The party indeed a surprise, the guest list even more so and the reunions, conversations and celebration a surprising night full of even more surprises! Get the picture?
How all the thoughts stirred by this family portrait will become a poem a conundrum – especially at short notice. I believe in writing, rewriting, editing, rewriting, polishing etc ad nauseum.
Participating in NaPoWriMo a challenge indeed. Throwing raw material to the public is cringeworthy but I’m sure good for improving creativity if done often enough!
Family Portrait 2003
The four Neils, now three
Mary Jane, Anne, and me
Staring into the camera lens
Ten months after John’s death
And we smile…
How can this be?
A deathbed promise kept
By teenagers who proved adept
At organising a surprise party
Grief boxed for the evening
to be unwrapped later…
The three of us often wept.
Mary Jane, my Thursday child
Withdrawn reclusive – not wild
Anxious and scarred by loss
The balloons a metaphor
For PTSD and inner struggles
Her hazel eyes undefiled.
Anne, my Saturday child smiles too
Leans towards me with eyes so blue
It could be John staring straight ahead
But we all know our rock is dead
Anne his ‘princess’ masks her grief
Fragile as an autumn leaf.
Behind my too bright eyes
Posed pleasure at the surprise
A wall of stoicism holds firm
The ‘hostess with the mostess’
Never admitting life is grim
The closure people seek, just lies.
Looking at the adolescent faces
The smiles have banished traces
Of the trauma and sadness of loss
The troubles overcome and still to go
Resilience shines, our love for each other
I’m so proud to be their mother.
Sometimes poems have to be put in context. I don’t like making words or ideas deliberately obscure – the reader or listener should understand what you mean without searching through encyclopaedias or dictionaries.
However, cultural nuances can make the writer’s intentions a mystery and so an explanation for mentioning the days my daughters were born can be found in a nursery rhyme my mother often used to recite to help us remember the days of the week.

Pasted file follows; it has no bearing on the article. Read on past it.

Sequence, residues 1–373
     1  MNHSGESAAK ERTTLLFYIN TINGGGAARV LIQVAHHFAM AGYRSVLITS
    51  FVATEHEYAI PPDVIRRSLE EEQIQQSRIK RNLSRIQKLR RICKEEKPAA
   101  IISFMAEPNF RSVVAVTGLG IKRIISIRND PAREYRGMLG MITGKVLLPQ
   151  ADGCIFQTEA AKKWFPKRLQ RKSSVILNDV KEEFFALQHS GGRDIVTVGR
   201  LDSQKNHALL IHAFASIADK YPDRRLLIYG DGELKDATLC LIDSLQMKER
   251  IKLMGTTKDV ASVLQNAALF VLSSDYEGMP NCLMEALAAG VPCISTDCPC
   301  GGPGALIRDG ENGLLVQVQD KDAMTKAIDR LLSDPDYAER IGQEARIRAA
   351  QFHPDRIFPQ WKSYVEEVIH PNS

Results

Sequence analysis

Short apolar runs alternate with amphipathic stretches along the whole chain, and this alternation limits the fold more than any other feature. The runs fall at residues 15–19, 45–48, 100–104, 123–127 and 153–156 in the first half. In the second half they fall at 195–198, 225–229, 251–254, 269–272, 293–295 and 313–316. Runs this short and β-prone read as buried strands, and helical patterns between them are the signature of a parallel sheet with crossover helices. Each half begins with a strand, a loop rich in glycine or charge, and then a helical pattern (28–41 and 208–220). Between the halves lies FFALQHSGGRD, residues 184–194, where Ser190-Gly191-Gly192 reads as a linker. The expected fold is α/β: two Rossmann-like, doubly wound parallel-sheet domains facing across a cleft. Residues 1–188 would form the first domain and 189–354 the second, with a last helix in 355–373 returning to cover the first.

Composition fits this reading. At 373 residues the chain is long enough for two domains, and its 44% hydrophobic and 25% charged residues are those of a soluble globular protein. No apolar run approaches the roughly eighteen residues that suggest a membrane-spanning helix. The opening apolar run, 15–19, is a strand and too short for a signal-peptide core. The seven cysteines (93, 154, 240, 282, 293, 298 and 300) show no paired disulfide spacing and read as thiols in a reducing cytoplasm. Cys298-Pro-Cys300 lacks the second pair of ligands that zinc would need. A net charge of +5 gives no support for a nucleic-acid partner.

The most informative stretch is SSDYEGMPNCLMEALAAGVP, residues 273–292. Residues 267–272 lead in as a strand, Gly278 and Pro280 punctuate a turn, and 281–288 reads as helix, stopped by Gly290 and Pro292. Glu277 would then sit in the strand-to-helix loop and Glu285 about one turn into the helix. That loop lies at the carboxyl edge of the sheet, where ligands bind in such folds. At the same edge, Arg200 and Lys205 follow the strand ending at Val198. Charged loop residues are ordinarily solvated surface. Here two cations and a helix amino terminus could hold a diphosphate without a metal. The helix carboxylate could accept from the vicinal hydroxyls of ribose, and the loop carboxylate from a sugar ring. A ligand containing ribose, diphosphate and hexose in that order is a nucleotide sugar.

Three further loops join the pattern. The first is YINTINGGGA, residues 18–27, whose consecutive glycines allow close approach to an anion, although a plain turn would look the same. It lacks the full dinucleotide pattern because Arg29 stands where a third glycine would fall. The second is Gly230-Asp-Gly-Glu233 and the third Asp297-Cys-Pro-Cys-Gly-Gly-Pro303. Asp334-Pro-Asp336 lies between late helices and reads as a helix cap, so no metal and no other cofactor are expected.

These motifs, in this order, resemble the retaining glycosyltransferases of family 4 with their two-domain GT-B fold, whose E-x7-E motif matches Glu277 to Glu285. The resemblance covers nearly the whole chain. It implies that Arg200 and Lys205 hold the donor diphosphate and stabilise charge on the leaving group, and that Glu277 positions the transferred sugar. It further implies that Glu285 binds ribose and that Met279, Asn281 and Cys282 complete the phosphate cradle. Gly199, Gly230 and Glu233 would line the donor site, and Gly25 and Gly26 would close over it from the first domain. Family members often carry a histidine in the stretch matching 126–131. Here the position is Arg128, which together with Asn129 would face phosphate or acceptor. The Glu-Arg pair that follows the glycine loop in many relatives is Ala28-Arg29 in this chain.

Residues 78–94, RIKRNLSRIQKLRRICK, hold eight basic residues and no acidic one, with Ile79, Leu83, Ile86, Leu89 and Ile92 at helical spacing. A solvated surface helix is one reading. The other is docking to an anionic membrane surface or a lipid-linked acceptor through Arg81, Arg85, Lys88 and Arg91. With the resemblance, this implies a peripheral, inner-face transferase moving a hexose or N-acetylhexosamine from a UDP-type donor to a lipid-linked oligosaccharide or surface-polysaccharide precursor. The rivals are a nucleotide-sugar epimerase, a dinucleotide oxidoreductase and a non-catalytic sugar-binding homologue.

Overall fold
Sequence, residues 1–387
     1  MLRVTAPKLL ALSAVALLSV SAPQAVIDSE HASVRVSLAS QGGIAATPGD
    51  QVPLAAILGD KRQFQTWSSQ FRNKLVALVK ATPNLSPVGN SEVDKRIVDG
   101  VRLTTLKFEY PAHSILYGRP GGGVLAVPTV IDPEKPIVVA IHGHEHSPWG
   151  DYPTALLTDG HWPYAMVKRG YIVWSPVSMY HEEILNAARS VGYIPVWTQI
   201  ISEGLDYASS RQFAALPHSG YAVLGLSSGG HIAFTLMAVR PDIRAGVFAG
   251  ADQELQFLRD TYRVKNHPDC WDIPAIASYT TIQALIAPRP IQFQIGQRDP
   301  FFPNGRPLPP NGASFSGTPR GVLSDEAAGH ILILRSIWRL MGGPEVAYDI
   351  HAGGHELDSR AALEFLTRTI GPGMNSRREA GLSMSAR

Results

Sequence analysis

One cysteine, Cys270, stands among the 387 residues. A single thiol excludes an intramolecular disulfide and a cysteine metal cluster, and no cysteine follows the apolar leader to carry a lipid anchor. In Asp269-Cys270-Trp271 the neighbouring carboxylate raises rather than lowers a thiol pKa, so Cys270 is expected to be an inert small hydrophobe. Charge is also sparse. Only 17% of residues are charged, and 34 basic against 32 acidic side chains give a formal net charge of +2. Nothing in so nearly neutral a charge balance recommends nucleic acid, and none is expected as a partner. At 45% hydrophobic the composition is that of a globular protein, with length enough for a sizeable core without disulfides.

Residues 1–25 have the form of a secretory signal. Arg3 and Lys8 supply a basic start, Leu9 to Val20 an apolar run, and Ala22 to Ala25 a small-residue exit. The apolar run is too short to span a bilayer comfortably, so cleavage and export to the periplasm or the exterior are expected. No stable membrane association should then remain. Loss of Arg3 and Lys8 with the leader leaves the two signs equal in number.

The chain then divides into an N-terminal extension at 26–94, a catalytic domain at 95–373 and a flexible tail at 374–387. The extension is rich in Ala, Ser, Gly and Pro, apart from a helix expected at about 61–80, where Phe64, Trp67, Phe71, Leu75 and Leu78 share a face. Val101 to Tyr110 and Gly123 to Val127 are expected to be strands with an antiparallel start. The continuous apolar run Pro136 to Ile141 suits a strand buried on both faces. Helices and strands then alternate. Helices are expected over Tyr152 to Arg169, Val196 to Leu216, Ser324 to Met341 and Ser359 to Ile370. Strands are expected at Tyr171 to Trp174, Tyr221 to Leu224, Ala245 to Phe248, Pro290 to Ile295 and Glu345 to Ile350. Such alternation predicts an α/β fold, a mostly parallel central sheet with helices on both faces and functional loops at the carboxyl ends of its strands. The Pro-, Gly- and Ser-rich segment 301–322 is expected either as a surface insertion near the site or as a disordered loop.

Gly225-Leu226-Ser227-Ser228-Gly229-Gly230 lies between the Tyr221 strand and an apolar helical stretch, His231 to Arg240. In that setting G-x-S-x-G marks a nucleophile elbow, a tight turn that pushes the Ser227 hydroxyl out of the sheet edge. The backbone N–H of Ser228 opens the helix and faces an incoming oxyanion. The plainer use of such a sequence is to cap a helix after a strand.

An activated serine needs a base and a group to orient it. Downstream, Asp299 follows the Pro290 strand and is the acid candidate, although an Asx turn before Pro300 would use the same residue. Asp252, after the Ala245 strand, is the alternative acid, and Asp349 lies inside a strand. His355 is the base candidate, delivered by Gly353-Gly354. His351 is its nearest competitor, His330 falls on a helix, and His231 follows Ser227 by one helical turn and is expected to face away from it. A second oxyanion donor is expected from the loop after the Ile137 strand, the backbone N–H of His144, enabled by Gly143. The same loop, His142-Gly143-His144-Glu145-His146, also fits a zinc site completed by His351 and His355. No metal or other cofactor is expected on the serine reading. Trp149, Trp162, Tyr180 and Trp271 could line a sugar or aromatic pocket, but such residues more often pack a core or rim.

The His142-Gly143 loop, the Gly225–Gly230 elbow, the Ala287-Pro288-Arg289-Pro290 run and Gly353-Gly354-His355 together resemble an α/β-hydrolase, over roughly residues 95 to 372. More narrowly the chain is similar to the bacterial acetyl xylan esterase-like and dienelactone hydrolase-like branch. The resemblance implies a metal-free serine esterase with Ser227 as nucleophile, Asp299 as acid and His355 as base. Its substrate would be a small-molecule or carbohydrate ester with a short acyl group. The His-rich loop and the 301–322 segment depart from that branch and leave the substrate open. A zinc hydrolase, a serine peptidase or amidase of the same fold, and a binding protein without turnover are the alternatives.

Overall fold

The Old English nursery rhyme “Monday’s Child” is a poem based on the days of the week
first recorded in 1838 Traditions of Devonshire.
Monday’s Child …
Monday’s child is fair of face,
Tuesday’s child is full of grace;
Wednesday’s child is full of woe,
Thursday’s child has far to go;
Friday’s child is loving and giving,
Saturday’s child works hard for its living;
But the child that is born on the Sabbath day
Is bonny and blithe, and good and gay.
Tradition holds that you can predict your child’s temperament based on the day of the week they were born. Numerous versions of the poem exist, with both positive and negative connotations (thank goodness) associated with each day.
In the 1887 version of the Monday’s Child poem, published in Harper’s Weekly magazine, it is actually Thursday’s child “who works hard for a living” with Saturday’s child having “far to go”.
Thursday children have a long, successful life ahead of them. Sometimes, “far to go” is interpreted as meaning a difficult path, such as children with special needs. However, traditional versions focus on the concept of positive abilities and talents that will take them far in life, rather than attributes to overcome.
Saturday children are hardworking, responsible, and dedicated. Sometimes “hard” is interpreted as difficult or struggling. However, traditional versions view hard work as a positive trait, as opposed to “lazy”, indicating Saturday’s children are passionate about their work and make lasting contributions to the world.
Mary Jane and Anne have all the positive traits of the predictions. Life has provided the negatives, the struggles and obstacles, but they both work hard and will go far and achieve, even more than they have already.
Their close relationship will ensure they cherish each other and me.
I look at the family portrait and the poem and hope I’ve captured our love and devotion. I doubt a casual observer would see any of what I’ve said in the poem but then we don’t always write poetry for the general public.
Please feel free to critique or spend the time rummaging through your own photographs and pondering on the memories or message they might hold.
And pick up your pen and write!